Published On: Thu, Apr 18th, 2019

Mind of the fraudster

Fraudsters are people who deceive others. And, as we can all agree, there are infinite methods of deception. In personal relationships, at school, at work, in politics, in everything. All you need is the motivation and a lack of ethics and morals for someone to fit into any of the three categories of fraudsters.

The first category refers to one who is inclined, without much knowledge, to carry out an act contrary to the rules of society. The second category is the fraudster who rises to the occasion. For example, they are in debt and they come across an opportunity to make easy money. The third category is the professional, who wakes up, lives, and sleeps thinking about how to con somebody.

The last kind is much more difficult to catch and teaches us more about scams, although it is a known fact that their primary motivation is always money. Research at KPMG, carried out in 2016, shows that 66% of scams at companies are motivated by financial gain, and that 65% of fraudsters are working within the companies themselves, while 21% are ex-employees.

Scams are like water balloons: you touch one side, it moves to the other side. What changes from one fraudster to the next is, basically, the techniques used. The rest always follows the same patterns. From a psychological point of view, the mental work process is the same.

North American researcher Donald Cressey created the term “fraud triangle”, which is formed by psychological pressure, opportunity, and rationalization. Pressure is the motivation. The opportunity is the chance to commit fraud; it is clear that even a firm mind can be corrupted. And the rationalization is how we justify our actions to ourselves.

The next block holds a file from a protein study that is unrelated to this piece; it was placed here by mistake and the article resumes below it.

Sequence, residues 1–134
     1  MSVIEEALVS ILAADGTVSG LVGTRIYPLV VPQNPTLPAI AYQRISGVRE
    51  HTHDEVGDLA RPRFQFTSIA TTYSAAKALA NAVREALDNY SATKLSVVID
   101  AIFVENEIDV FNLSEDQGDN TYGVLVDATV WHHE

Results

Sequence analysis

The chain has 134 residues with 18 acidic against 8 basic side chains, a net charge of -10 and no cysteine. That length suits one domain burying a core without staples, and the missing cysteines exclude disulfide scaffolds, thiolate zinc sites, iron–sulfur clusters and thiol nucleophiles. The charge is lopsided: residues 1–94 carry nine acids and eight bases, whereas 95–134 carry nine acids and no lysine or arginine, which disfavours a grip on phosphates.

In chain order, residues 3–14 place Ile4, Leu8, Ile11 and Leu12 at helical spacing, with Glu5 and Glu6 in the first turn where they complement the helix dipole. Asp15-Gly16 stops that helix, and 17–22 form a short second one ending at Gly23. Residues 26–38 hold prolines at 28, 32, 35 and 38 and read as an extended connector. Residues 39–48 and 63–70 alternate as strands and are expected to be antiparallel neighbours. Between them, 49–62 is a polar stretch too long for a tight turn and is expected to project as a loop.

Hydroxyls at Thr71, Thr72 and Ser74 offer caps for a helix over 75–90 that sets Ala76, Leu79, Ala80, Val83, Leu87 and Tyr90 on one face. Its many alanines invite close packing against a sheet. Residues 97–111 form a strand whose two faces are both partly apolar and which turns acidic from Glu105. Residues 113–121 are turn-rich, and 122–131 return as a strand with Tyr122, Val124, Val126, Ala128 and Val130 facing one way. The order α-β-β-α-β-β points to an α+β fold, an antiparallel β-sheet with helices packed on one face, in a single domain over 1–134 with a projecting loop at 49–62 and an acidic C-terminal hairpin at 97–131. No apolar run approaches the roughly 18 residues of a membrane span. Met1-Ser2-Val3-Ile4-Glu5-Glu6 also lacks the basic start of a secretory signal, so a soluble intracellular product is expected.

This refers to a mental technique used to eliminate guilt. Criminals rarely see themselves as evildoers. They think they are massacred by day to day life and are victims of an oppressive system, or they engage in a state of mind that blocks any kind of feeling.

Mark Fenton-O’Creevy, professor of organizational behavior at the Open University Business School, says, “Typically, those who commit fraud use a psychological strategy that distances them from any sense of guilt.”

In criminology, this is called neutralization. It’s a very common way is to see the victim as the guilty party. Depersonalize or despise the victim. In one real-world example, criminals launched a sequence of scams on a major internet sales site and referred to the 3,000 victims as “perfect idiots.”

For this reason, Internet fraud and financial fraud are easier for the criminal. The victims don’t have a face. Fraudsters usually start with small crimes, gain confidence, and then escalate to larger frauds. It was no wonder that in mid-1994, then-New York mayor Rudy Giuliani launched the zero tolerance policy for any type and size of crime, achieving tremendous success in combating crime in the city.

The importance of understanding the fraudster’s mind is critical to the well being at all levels of a society. The corruption that is now exploding in Brazil has gained momentum with the impunity of the small fraudsters. It is scary that a country with extraordinary potential is among the most corrupt in the world.

A novice fraudster who holds a position of authority is 100 times more destructive than an extremely professional one. Imagine the destructive potential of a professional fraudster with power, such as a company director, a delegate, prosecutor, judge, deputy, senator, minister or even a president?

The fact is that regardless of the positions mentioned all follow the same pattern. It is inherent to the activity and independent of their will. To annihilate evil, we first need to know about its nature. The rest is a matter of planning.

About the Author

- Wanderson Castilho is the president of Enetsec and a private detective in Florida . He holds a bachelors in Physics from Federal University of Paraná (UFPR), Curitiba - Brazil. Author of the books "Manual of A Virtual Detective" (2009), "Deception, a Multifaced Issue" (2011), "Do you know what your kids are doing on the internet?" (2014), and "100 Critical Facts about the World's Cybercrime”(2018). Representative member from South and Central America on the Michigan Collegiate Cyber Defense Network’s Industry and Academic Advisory Board, at the University of Michigan, USA, which promotes network security competitions with the objective of guaranteeing competitiveness among educational institutions that teach professionals in the field of Information Technology.

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